Elsewhere, Here

There was a podcast episode on This American Life about immigrants hyper-fixating on their accents. It was recorded in the style of a game show, where the subject claimed to be able to tell when someone immigrated to America based on the way they speak. In particular, how much they over-enunciate. Because “​​the more fluidly they could pronounce certain words or ride out a cadence, the younger they must have been when they arrived”.

It was a particular segment that stuck out to me. It got me thinking about how much I fixate on the way I speak English, and how long I’ve been fixating on it for. There are some days when the words flow out of me effortlessly, my thoughts and my speech patterns following one another sequentially. I’m thinking and articulating all the words and pronouncing them “perfectly”. But more often than not, I trip over the spaces between my words, slurring the syllables and twisting the characters before the sentences end just enough to obscure my intention, demanding repetition. 

There are some words I am more confident in pronouncing, usually words with multiple syllables and “hard edges” — sa-tis-FACT-tion, per-FEC-tion, dict-A-tion. T-sounds are encouraging and friendly, they welcome my tongue with a hard pat on the back when I approach them nervously.

In a class of 26, the R-sounds are definitely troublemakers, sneaky ones poking you in the back only for you to lose sight of them when you were sure you’d catch them. Ru-ral, roll, re-gu-LAR

U & L-sounds don’t usually lay obvious traps for you. They are the masterminds behind chaos, plotting to snicker as you ponder their place within the word structures. SuC-CEss, pub-lic, rest-AUR-ant.

And when they show up altogether like u-Ti-li-ta-Rian? Forget it.

It’s not because I don’t know how to separate the syllables, position my tongue and mimic the sounds with my mouth. It’s the way my otherness jumps out as soon as I do. My accent — the strongest indicator of me not being from here.

What is the shame related to me not being originally from the place I currently reside in?

That I didn’t have tangled roots on the land not ours to settle on?

That my parents didn’t make their immigrating decision twenty years earlier?

That the sense of loss for an alternative reality is greater than the current one I am living through?

Whatever the reason, I felt the slap on my face from others’ expressions as I tried to fit a new language in. The suppression of laughter as I read unfamiliar words in class, the furrowing of brows as I tried to clarify an assignment, the patronizing repetition as I assumed a pronunciation.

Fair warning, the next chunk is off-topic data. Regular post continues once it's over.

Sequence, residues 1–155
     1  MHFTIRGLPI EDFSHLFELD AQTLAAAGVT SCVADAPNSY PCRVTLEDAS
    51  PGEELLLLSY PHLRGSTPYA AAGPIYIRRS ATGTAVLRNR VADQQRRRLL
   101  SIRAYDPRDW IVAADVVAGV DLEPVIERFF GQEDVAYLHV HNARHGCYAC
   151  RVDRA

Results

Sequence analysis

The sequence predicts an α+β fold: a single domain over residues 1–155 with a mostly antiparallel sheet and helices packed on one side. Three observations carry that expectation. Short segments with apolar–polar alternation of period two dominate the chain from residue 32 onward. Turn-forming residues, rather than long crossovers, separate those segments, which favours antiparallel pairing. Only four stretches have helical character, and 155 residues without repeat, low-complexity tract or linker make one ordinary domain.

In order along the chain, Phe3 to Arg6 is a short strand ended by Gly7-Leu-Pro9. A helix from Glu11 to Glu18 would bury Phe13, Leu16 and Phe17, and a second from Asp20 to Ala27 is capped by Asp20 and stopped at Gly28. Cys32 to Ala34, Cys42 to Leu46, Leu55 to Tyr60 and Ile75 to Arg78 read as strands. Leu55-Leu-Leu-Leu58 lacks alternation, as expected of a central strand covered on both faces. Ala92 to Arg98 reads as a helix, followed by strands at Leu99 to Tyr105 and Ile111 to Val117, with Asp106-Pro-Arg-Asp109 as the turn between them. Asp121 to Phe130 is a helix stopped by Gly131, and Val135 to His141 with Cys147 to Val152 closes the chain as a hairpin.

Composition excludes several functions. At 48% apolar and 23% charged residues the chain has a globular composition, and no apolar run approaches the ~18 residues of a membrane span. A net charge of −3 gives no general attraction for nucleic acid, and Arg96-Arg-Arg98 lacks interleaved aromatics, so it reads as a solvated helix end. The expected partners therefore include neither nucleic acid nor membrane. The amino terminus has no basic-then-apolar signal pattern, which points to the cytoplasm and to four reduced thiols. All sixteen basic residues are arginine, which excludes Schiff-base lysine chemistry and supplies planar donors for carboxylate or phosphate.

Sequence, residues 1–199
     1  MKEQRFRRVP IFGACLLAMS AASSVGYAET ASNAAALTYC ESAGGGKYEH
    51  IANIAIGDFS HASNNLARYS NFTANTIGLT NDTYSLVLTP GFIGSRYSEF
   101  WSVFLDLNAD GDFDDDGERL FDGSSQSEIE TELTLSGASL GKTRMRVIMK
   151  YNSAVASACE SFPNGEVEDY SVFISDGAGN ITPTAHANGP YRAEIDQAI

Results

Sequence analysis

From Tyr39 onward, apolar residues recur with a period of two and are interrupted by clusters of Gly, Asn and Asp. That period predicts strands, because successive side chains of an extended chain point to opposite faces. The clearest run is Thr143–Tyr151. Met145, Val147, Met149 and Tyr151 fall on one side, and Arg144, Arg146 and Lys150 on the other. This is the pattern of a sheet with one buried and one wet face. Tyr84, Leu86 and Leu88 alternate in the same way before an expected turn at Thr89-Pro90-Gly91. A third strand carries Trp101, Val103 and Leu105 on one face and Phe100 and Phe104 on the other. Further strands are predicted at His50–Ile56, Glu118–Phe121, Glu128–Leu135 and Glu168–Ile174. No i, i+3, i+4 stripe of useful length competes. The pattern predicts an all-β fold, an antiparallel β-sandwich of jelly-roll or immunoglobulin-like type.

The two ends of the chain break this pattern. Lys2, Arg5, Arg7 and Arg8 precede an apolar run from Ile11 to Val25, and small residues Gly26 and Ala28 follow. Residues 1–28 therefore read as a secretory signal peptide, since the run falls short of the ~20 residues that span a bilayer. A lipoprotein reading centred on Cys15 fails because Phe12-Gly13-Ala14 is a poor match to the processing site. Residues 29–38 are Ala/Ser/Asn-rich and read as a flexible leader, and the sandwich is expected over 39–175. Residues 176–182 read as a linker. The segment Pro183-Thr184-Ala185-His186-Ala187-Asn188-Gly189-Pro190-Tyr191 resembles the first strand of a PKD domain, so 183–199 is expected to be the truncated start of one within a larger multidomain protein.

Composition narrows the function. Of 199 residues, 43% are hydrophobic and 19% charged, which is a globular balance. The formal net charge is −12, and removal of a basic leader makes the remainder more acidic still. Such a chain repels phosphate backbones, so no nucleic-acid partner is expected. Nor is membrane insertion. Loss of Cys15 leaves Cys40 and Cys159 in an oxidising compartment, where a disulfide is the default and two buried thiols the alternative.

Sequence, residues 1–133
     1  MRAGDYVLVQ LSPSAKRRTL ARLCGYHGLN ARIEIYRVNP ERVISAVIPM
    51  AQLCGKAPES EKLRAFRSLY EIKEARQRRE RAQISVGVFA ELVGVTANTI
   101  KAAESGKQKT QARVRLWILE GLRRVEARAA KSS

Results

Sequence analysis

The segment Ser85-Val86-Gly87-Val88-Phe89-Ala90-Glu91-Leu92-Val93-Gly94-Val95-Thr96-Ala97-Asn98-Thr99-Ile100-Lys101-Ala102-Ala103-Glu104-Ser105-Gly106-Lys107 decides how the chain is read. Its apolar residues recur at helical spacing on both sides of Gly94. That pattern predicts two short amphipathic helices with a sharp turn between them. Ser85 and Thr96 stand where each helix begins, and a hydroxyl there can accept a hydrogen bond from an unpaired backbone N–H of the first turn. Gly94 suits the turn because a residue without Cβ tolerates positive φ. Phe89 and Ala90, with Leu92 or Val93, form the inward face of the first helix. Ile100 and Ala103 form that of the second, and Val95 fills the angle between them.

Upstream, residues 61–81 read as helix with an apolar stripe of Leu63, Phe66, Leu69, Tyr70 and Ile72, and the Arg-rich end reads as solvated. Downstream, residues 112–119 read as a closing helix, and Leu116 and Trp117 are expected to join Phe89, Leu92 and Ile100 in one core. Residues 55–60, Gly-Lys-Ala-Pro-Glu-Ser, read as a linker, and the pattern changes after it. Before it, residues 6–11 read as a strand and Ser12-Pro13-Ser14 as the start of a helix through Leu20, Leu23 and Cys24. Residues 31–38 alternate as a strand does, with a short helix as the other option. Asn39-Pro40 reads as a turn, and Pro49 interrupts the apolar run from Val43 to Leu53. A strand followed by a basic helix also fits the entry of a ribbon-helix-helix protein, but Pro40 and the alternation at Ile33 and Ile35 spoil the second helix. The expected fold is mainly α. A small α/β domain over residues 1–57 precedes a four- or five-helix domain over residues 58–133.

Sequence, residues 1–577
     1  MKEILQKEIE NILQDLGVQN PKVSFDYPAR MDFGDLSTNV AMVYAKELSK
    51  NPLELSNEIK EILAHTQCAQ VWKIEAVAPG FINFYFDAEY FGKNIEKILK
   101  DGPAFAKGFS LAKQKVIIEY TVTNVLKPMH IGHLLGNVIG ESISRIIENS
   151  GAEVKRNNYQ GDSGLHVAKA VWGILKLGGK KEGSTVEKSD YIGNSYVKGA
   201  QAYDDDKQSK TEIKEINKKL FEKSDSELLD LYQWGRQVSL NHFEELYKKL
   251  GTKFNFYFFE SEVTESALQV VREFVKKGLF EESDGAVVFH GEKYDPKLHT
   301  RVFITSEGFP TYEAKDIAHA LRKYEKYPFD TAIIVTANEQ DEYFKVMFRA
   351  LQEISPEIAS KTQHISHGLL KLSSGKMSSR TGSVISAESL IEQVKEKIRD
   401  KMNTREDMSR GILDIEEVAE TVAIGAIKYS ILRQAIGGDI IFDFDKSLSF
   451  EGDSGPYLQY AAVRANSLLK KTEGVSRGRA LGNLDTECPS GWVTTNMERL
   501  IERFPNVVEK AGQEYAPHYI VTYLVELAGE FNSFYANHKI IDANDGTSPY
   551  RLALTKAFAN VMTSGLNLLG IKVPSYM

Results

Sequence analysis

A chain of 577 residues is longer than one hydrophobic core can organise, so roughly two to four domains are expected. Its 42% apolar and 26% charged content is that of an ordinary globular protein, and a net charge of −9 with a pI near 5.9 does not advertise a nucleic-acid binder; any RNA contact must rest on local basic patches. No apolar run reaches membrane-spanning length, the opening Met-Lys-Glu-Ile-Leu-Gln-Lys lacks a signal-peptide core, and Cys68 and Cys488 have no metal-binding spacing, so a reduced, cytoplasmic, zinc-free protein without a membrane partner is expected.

Overtime, I self-reject before others are able to avoid the hurt and shame I feel deep in my chest, mostly in my throat. Mostly a lump that feels like an itch that cannot be scratched, a lump that makes me want to bury all the thoughts rushing to my head while I shrivel in embarrassment with my eyes shut.

I do sound different, even when I’m trying really, really hard not to”, Jiayang says in the podcast. I too spent a lot of time and energy making sure my English is as colloquially understandable as someone that belongs here, worthy of respect. However, I don’t particularly feel the sigh of relief when someone comments on my accent being undetectable, like I’m from here. It feels like a part of me from the past, the heavily-accented immigrant is in some way erased? Though, disagreeing feels like I’m actively denying the hard work I’ve put into crafting a palatable persona. It’s conflicting to feel the tug, especially because I know I sound different.

I’ve been noticing more Cantonese being spoken around me when I commute. Names of familiar Hong Kong places and slangs woven in-between. I remind myself not to stare and put away the impulse to interrupt with a shared identity.

Does simply being from a place dictate your identity? Or is an identity what you take from a place? Is the taking ever justified if you don’t consciously give back?

Maybe how I sound ultimately doesn’t matter, as long as it remains an honest representation of my current self. Maybe the hyper-fixation of my accent was born from the hyper-fixation of self in reality. A self in a space that feels increasingly narrowing. However many tries it takes, & as cringey as I feel as I type these words, I vow to dedicate this year to do it all afraid.

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